We call on clinicians to consider the very low predictive value of a hymen examination and to: 1 avoid relying solely on the status of the hymen in sexual assault examinations and reporting; 2 help raise awareness of this issue among their colleagues and counterparts in law enforcement and the judiciary; and 3 promote a discussion of the limitations of examining the hymen as part of clinical education for all specialties engaged in sexual or reproductive healthcare of women and girls. This is likely no different in other countries, although there are no specific articles addressing this issue in other contexts.
Studies of sexual assault survivors also provide evidence that the hymen may not incur noticeable damage as a result of forced penetration. Only a small portion of these women will exhibit changes in the hymen indicative of penetrating trauma. There is no evidence that examination of the hymen is an accurate or reliable test of a history of sexual activity, including sexual assault. As puberty approaches, the hymen thickens, may assume a fimbriated or crescenteric appearance, and hymenal elasticity increases.
We recommend that clinicians take into consideration that a hymen examination does not generally offer a high degree of certainty about sexual activity, with or without consent. However, studies Massachusetts t had sex in 4yrs shown that physical evidence of penetration is generally lacking in most reported cases of initial consensual or nonconsensual sexual intercourse [ 26 ], even among prepubertal girls. Opportunities to examine the hymen may be rare and coincident with specific — and uncommon — indications, severely limiting the of opportunities for observation, examination, and assessment of the hymen.
Even in children with suspected sexual abuse, the majority will have normal or nonspecific findings. The online version of this article In some settings, clinicians who evaluate women and girls suspected of being victims of sexual assault, or suspected of having engaged in intercourse with or without consentrely on an examination of the hymen for their assessments.
The hymen is a small membranous tissue outside of the vaginal canal that has no known biological function. Not applicable. While at least two studies dating back to the s and s have reported hymens to be present in all newborn girls examined [ cases in one study and in another], there are documented cases of girls born without a hymen altogether [ 1617 ]. Hymenal measurements of size and width, lacerations and transection have been shown to lack specificity or sensitivity to confirm vaginal penetration.
In many patriarchal cultures, the sexual history of girls and women is used as a ificant determinant of their societal, community, family, and individual status [ 12 ]. Frequently, conclusions about sexual history are made based on assumptions about the hymen, a small membranous tissue with no known biological function [ 34 ], which typically occupies a portion of the external vaginal opening in females. Information gleaned from a forensic assessment that includes an ano-genital examination can support a legal charge of various forms of sexual violence.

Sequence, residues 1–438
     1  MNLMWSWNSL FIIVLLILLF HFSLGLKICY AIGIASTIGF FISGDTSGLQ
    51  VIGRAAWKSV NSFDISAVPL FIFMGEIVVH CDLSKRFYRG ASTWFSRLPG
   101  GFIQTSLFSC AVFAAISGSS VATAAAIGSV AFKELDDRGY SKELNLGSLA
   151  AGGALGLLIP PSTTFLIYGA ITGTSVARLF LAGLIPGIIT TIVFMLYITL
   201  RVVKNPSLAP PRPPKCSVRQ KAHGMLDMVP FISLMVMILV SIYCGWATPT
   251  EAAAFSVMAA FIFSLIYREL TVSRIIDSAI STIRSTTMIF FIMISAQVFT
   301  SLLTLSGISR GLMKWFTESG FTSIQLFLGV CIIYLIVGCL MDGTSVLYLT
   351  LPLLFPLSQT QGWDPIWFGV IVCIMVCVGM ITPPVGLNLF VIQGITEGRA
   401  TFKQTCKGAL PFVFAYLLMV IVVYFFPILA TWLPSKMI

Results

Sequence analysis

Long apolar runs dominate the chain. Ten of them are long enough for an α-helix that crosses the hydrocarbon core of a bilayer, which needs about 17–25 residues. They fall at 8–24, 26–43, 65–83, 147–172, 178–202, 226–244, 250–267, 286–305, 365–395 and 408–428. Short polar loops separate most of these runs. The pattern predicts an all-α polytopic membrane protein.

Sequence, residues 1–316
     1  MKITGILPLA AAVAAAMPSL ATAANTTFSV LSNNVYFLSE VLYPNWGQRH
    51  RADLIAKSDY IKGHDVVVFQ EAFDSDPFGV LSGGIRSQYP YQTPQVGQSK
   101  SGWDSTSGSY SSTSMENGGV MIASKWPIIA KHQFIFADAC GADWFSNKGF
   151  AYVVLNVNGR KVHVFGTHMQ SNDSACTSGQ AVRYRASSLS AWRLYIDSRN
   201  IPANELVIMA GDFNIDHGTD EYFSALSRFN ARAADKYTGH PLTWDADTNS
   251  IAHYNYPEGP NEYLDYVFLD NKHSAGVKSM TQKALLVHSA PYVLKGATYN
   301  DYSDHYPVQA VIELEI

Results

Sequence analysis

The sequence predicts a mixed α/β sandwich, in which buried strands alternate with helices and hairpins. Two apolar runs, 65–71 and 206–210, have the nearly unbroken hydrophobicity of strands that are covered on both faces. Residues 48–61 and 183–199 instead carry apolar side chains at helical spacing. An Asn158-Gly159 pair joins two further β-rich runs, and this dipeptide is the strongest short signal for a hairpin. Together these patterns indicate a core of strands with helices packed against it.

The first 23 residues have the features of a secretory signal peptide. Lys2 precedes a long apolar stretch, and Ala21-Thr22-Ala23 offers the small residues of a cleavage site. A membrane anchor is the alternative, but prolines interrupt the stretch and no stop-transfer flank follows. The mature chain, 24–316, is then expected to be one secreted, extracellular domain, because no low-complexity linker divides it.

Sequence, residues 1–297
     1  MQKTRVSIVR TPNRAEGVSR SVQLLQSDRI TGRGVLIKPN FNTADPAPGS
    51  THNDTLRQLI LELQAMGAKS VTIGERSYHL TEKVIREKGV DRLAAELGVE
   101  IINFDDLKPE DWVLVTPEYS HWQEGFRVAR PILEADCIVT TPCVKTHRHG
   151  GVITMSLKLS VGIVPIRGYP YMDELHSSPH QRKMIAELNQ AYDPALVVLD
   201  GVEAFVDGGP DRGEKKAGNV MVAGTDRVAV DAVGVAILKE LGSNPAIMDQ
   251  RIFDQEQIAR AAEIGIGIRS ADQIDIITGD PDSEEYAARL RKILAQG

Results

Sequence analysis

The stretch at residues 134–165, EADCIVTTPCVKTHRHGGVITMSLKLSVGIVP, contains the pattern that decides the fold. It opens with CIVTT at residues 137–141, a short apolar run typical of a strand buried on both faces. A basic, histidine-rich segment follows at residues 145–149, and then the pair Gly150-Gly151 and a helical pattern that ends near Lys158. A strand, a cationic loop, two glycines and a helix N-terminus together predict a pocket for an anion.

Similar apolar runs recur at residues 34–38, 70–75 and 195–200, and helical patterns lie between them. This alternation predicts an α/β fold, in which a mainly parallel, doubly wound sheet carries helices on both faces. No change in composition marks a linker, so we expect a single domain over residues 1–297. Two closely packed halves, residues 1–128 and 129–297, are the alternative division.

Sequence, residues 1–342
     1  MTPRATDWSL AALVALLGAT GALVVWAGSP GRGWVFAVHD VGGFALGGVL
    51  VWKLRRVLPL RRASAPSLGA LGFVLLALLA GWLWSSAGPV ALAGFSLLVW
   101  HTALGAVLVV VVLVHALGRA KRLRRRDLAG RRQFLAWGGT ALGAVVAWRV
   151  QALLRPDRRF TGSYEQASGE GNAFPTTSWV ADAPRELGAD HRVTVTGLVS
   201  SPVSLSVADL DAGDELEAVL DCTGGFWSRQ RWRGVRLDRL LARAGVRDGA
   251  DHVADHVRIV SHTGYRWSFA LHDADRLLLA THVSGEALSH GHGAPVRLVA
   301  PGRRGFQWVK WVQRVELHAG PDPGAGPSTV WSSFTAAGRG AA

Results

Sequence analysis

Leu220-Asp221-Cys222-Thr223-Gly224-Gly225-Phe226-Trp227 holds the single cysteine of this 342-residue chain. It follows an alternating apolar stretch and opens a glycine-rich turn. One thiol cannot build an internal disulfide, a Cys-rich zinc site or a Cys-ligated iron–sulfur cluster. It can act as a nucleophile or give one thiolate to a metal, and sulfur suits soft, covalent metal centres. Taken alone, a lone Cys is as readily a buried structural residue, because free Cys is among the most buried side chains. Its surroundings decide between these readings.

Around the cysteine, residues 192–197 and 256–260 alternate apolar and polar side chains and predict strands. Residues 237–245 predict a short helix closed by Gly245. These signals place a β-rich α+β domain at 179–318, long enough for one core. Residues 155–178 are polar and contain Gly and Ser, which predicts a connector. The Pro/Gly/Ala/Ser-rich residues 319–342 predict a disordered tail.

Therefore, the purpose of this article is to critically review published evidence to dispel common myths about the hymen, its morphology, function, and its use as evidence in cases of sexual violence. Despite the lack of specificity and sensitivity, where sexual assault or abuse is alleged, a full forensic examination of the child or adult is imperative [ 46 ]. RM, TM. Similarly, a survey of pediatric child abuse rape cases indicated that only 2. An imperforate hymen is often discovered at puberty when a patient presents with amenorrhea and hematocolpos [ 1213 ].
As discussed, there are many factors that confound whether clinicians can adequately assess changes to the hymen tissue at various stages of the life cycle, including genetic, developmental, endocrine, spontaneous, and external influences.
Less common hymen configurations are: sleeve-like, septate in which there are two openings with a band of tissue between themcribiform with multiple openingsmicro-perforate in which the hymenal orifice is extremely smalland imperforate in which there is no hymenal opening at all.
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Different configurations of the hymen exist, and include, most commonly: annular also known as circumferentialcrescentic, and fimbriated with finger-like projections [ 121415 ]. We concluded that an examination of the hymen is not an accurate or reliable test of sexual activity, including sexual assault, except in very specific situations. For example, in one small study of 36 pregnant adolescent girls, medical staff were only able to make definitive findings of penetration in two cases [ 27 ].
Other inclusion criteria: English language articles published between — September The hymen is a membrane at the opening of the vagina. Springer Nature remains neutral with regard to jurisdictional claims in published maps and institutional affiliations. Many medical learners report high levels of discomfort performing genital exams [ 52 — 55 ], though simulation and working with standardized patient volunteers appear to lessen their discomfort.